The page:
Search Images Maps Play YouTube News Gmail Drive More »
Sign in
Screen reader users: click this link for accessible mode. Accessible mode has the same essential features but works better with your reader.

Patents

  1. Advanced Patent Search
Publication numberUS3851976 A
Publication typeGrant
Publication dateDec 3, 1974
Filing dateJan 24, 1973
Priority dateJan 26, 1972
Publication numberUS 3851976 A, US 3851976A, US-A-3851976, US3851976 A, US3851976A
InventorsMeier J
Original AssigneeMeier J
Export CitationBiBTeX, EndNote, RefMan
External Links: USPTO, USPTO Assignment, Espacenet
Method for determining the translucency and/or turbidity of a medium and apparatus for applying the method
US 3851976 A
Abstract
The translucency or turbidity of a medium is determined by passing a first beam of light from a single light source through it, converting the intensity of the beam to an electrical voltage by means of a photoelectric cell and then converting the voltage into a corresponding frequency. A reference beam undergoes a similar conversion and the resulting frequency is compared with that obtained for the first beam, so that the translucency or turbidity can be found.
Images(4)
Previous page
Next page
Claims  available in
Description  (OCR text may contain errors)

miter States 19] Meier 1 1 Dec. 3, 1974 METHOD FOR DETERMINING THE TRANSLUCENCY AND/OR TURBIDITY OF A MEDIUM AND APPARATUS FOR APPLYING THE METHOD [76] Inventor: Johann Meier, Casa Clarissa,

CH-6645 Brione sopra Minusio, Switzerland [22] Filed: Jan. 24, 1973 [21] Appl. No.: 326,171

[30] Foreign Application Priority Data Jan. 26, 1972 Switzerland 1113/72 Aug. 18, 1972 Switzerland 12248/72 [52] US. Cl 356/206, 250/575, 356/208 [51] Int. Cl. G01n 21/26 [58] Field of Search 250/218, 573, 574, 576;

[56] References Cited UNITED STATES PATENTS 7/1943 Katzman 356/208 2,394,129 Wcst 356/208 2,427,013 9/1947 MaCAdams 250/218 X 3,319,514 5/1967 McAllistcr 250/218 X 3,617,757 11/1971 Burr et al 356/208 X Primary Examiner.lohn K. Corbin Assistant ExaminerF. L. Evans Attorney, Agent, or Firm-Oblon, Fischer, Spivak, McClelland & Maier [57] ABSTRACT The translucency or turbidity of a medium is determined by passing a first beam of light from a single light source through it, converting the intensity of the beam to an electrical voltage by means of a photoelectric cell and then converting the voltage into a corresponding frequency. A reference beam undergoes a similar conversion and the resulting frequency is compared with that obtained for the first beam, so that the translucency or turbidity can be found.

10 Claims, 5 Drawing Figures PAIEmm-m aim SHEET 10F 4 PAIENIELEEB 3W 3.851.975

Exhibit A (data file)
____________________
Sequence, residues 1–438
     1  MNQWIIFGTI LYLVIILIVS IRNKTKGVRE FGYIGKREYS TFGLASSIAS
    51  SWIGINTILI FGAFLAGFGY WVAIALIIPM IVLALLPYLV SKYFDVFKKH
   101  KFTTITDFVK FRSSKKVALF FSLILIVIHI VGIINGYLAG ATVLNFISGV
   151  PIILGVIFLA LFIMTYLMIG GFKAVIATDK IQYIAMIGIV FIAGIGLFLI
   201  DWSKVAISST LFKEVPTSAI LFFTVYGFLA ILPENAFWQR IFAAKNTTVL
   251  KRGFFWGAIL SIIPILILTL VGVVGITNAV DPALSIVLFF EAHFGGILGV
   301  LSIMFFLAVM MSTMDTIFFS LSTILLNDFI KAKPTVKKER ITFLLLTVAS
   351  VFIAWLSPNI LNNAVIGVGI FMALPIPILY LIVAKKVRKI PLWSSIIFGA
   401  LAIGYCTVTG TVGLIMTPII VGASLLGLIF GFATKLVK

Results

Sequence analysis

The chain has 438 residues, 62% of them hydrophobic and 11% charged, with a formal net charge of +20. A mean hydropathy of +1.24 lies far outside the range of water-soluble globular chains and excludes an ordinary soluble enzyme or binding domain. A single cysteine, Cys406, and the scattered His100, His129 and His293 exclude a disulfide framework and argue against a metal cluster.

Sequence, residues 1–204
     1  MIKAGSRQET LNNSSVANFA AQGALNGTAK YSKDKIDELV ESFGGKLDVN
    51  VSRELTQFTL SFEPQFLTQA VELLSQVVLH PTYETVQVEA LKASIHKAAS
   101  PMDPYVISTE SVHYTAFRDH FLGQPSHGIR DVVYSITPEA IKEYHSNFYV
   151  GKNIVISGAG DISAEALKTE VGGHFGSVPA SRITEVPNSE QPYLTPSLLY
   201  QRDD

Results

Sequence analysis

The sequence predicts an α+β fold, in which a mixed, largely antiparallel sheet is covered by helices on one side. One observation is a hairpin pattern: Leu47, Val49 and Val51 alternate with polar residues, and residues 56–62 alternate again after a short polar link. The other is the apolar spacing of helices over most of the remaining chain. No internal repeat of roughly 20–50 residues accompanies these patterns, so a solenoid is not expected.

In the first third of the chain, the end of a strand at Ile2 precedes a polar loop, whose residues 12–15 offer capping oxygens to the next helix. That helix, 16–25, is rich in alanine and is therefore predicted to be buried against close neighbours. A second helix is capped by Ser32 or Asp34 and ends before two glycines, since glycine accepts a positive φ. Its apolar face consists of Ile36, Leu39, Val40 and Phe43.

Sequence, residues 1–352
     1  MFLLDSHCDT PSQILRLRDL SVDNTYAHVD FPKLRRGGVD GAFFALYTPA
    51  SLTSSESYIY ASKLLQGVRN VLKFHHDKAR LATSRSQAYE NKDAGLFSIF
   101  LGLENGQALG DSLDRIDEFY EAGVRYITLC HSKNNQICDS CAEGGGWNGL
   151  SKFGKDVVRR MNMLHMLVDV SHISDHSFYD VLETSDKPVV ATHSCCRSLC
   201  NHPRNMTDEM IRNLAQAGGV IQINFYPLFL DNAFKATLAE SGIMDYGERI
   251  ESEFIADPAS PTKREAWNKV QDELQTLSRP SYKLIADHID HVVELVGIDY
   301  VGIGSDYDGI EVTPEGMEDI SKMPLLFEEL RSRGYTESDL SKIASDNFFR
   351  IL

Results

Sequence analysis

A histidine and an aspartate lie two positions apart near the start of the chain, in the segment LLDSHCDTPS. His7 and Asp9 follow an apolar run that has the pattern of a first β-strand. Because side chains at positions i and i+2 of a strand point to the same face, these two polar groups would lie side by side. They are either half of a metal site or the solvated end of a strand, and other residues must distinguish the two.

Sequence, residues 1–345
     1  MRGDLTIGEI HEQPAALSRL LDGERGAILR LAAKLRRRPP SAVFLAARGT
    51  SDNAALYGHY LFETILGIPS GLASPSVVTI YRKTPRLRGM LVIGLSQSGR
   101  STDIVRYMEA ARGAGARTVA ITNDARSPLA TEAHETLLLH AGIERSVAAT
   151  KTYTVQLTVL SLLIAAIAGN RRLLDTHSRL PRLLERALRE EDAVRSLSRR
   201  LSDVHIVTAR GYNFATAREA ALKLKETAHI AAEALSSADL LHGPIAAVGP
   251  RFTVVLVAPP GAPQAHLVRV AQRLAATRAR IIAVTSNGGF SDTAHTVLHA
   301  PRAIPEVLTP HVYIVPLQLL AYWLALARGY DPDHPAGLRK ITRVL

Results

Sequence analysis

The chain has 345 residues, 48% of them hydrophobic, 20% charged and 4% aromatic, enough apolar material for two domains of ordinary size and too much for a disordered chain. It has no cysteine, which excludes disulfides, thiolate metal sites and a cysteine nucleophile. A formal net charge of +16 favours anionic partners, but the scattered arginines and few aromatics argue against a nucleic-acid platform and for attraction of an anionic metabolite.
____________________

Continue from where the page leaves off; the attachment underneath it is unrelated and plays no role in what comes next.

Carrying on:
sum 3 or '4 I I DECADE DECADE DECADE COUNTER COUNTER COUNTER O STAGE STAGE STAGE L l 2/ A IL LIMIT PULSEE I SWITCH SOURC I -25 1L 4 I I I j COUNTER COUNTER COUNTER 7? STAGE L? z STAGE 0 STAGE 1 l4 /2 MEMORY MEMORY MEMORY UNIT UNIT UNIT A I? I I I 5 7 9 7 o fly 24' I 22 METHOD FOR DETERMINING THE TRANSLUCENCY AND/OR TURBIDITY OF A MEDIUM AND APPARATUS FOR APPLYING THE METHOD The invention relates to a method of determining the translucency and/or turbidity of a medium and apparatus for applying this method.

A turbidity monitoring device is already known, wherein a measuring beam and a comparison beam are generated by means of a light source and of a mirror oscillating several hundred times per second. The measuring beam is aimed into the substance to be measured, wherein a diffused light is generated by the presence of clouding particles, and the intensity of the diffused light is measured by means of a photoelectric cell. The comparison beam is then directed through a calibrated standard turbidity reference unit and then through the substance to be measured, at the photoelectric cell. A measuring shutter situated in the path of the comparison beam then has its screening action adjusted until the light intensity of the comparison beam is equal to the light intensity of the diffuse light produced in the substance to be measured by means of the measuring beam, at the mensuration point of the photoelectric cell. A scalar drum coupled to the measuring shutter or screen then provides a reading for the turbidity. This apparatus has the disadvantages that its structure is complex since it comprises a very rapidly pivotable mirror and an adjustable measuring shutter, that it requires a greater number of standard turbidity reference units for insertion therein, whereof the selection must be accomplished experimentally, and that the intensity of the diffuse light produced by means of the measuring beam depends on the nature of the surface of the clouding particles, which however has no effect on the comparison beam.

According to the invention there is provided a method of determining the translucency of a medium, wherein two separately extending beams are produced by means of a single source of radiation, of which one is projectedthrough the medium which is to be measured, the intensity of radiation at the end of each of the two beam paths being converted into a corresponding electrical voltage in each case, the latter being each converted into a corresponding frequency, the two frequencies obtained in this manner then being compared with each other.